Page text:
There was a portion of red cabbage on the plate. I’m not massively keen on red cabbage – at least this didn’t leak purple juice into the gravy, and it was tasty red cabbage – albeit just not my preference.
Three weeks in a row I’ve had parsnips, and three weeks in a row I have been a little disappointed with them – more anaemic and lacking in flavour than normal. Given that it is summer, I don’t this is necessarily the venue’s fault, I’m just concluding that parsnips should wait until autumn. These were at least plentiful, probably 6-8 on the plate, though when I found one later on, I was like “oh not another parsnip”.
Quite a lot of roast potatoes were supplied, maybe 5. I didn’t count as they weren’t that interesting – they were passable inside though barely roasted on the outside. Calling them roast potatoes is pushing the definition, but I guess at least they were attempted.
It might have been better if the Yorkshire pudding hadn’t been attempted. Last week I didn’t get one, this week I wished I didn’t get one. Sure, I could have left it on the plate but given warnings of only adequate food come March 30th 2019, I don’t feel that I should contribute to food waste. It was burnt, and tasted burnt – it had barely risen (oh hello) and was soaking up all of my absolutely fucking not adequate gravy, despite still being dry. Urgh. Maybe I should aim for Channel 5 instead?
Not an awful lot you can say about a stuffing ball…then again there surely isn’t much you can say about roast dinners but that doesn’t stop me writing paragraphs of dimly-educated nonsense every week. The ball was rather spherical, a little dry and crunchy, but tasted as good as you’d expect a ball of sage and onion to taste. Yummy.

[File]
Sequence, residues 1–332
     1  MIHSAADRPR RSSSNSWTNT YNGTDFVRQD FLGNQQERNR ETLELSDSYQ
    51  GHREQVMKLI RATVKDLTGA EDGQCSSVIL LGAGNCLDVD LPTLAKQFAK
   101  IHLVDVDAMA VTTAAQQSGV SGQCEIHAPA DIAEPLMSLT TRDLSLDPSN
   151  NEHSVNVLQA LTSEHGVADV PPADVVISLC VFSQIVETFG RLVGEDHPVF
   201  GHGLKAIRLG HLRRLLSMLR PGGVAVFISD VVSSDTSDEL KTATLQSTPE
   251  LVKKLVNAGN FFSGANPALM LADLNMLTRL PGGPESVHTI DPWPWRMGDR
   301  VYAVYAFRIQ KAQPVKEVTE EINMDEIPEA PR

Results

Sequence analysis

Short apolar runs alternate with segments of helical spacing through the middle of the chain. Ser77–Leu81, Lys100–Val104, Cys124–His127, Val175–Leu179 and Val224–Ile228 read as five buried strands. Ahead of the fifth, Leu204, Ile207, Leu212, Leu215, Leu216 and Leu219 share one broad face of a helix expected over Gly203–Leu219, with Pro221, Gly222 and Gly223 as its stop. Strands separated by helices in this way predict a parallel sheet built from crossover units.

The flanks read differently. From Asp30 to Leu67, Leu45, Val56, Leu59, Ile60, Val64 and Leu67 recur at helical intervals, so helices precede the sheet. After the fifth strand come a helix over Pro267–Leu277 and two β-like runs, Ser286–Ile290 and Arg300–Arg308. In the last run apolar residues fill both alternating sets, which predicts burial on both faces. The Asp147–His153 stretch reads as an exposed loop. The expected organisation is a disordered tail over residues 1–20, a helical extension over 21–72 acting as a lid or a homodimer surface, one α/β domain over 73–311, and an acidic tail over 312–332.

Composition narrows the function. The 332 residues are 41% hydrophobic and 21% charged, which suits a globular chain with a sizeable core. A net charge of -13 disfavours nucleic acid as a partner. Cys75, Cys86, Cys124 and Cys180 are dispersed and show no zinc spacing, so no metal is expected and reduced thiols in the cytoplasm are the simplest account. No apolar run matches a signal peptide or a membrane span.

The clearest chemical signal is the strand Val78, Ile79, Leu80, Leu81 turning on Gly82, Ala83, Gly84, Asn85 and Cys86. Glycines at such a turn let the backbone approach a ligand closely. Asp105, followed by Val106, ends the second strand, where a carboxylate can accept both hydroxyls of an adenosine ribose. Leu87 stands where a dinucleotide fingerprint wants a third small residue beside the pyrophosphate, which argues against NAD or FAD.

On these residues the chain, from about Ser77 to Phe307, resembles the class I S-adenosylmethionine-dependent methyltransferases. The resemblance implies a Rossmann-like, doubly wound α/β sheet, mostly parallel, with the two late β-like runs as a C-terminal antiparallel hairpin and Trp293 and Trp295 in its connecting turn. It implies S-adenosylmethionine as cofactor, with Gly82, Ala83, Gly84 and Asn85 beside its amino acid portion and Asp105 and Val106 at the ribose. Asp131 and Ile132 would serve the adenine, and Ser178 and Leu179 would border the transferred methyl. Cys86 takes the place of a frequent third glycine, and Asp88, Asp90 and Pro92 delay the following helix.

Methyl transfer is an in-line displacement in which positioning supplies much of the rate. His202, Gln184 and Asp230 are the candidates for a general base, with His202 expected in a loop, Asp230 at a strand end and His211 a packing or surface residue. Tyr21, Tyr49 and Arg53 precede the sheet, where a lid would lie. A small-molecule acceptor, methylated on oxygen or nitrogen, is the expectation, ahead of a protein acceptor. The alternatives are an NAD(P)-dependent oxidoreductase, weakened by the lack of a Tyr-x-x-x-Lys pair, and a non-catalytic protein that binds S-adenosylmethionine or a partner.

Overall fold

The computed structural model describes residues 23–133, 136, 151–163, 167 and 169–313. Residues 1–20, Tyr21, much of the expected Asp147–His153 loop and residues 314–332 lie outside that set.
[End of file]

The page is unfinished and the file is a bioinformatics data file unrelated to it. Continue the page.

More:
Now for the main part of the dinner, the pig in blanket. I ate this in one bite, which is probably a little silly being a food critic…yeah I’m just a twat with a blog really, I know my place in the world, don’t worry. Hell, I might even have to settle for ITV. The bacon tasted of bacon, and the sausage was a little limp and bland…albeit bacony. Even I’m shaking my head at myself.
The pig in blanket also generously came with half a chicken. A whole breast and thigh/drumstick combination. I was handily impressed – the chicken was generally quite plump, though it was also a tad dry. Perhaps this was because I was running out of beer, and had run out of gravy – the extra gravy hadn’t sufficed. And also eating the Yorkshire pudding with it didn’t help. However this was plump and plentiful chicken, seasoned with plenty of herbs and pepper – fairly consistent with the seasoning throughout.
And finally, the gravy. It was a bit…odd. Firstly there wasn’t enough on the plate. Secondly there wasn’t enough when two small gravy boats arrived (one each). It was runny yet a little gloopy, and had an odd taste. It wasn’t displeasurable – the closest I could come to working it out was a taste of tomato. But I wasn’t convinced of my own conclusion, nor of the gravy itself.
Plenty of highlights but also a few meh’s too. Particularly liked having a stuffing ball and pig in blanket – quantity of food on the plate was also impressive, arguably too much. Lowlight probably the gravy, it was just odd…oh and the burnt yorkie.
Overall this kinda works. Lots of food, good value (for London), nothing especially great but only the yorkie that was that disappointing. I’m giving it a solid 7.29 out of 10.
Does anyone remember L!ve TV? Home of Topless Darts and Tiffany Banister’s Big City Tips – they’d surely have been well up for a fat man roasting, though it would probably have had to include breasts…guess I could handle that, assuming mine are not large enough.
Ahhh the good old days. Maybe we could bring L!ve TV back with a strong pro-EU slant?
Speaking of coming back, next weekend I’m intending on my most expensive roast dinner of the year so far. If they let me in.